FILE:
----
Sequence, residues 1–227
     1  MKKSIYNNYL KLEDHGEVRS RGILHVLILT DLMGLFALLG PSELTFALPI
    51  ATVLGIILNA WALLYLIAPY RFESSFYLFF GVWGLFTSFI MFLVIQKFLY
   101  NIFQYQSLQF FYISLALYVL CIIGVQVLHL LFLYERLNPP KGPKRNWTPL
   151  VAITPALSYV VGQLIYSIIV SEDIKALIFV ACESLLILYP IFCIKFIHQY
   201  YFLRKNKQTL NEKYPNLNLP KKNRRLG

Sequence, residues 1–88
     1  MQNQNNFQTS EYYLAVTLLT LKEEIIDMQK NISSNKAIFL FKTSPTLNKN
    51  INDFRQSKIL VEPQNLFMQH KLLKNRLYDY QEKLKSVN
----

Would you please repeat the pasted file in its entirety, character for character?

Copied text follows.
Sequence, residues 1–227
     1  MKKSIYNNYL KLEDHGEVRS RGILHVLILT DLMGLFALLG PSELTFALPI
    51  ATVLGIILNA WALLYLIAPY RFESSFYLFF GVWGLFTSFI MFLVIQKFLY
   101  NIFQYQSLQF FYISLALYVL CIIGVQVLHL LFLYERLNPP KGPKRNWTPL
   151  VAITPALSYV VGQLIYSIIV SEDIKALIFV ACESLLILYP IFCIKFIHQY
   201  YFLRKNKQTL NEKYPNLNLP KKNRRLG

Sequence, residues 1–88
     1  MQNQNNFQTS EYYLAVTLLT LKEEIIDMQK NISSNKAIFL FKTSPTLNKN
    51  INDFRQSKIL VEPQNLFMQH KLLKNRLYDY QEKLKSVN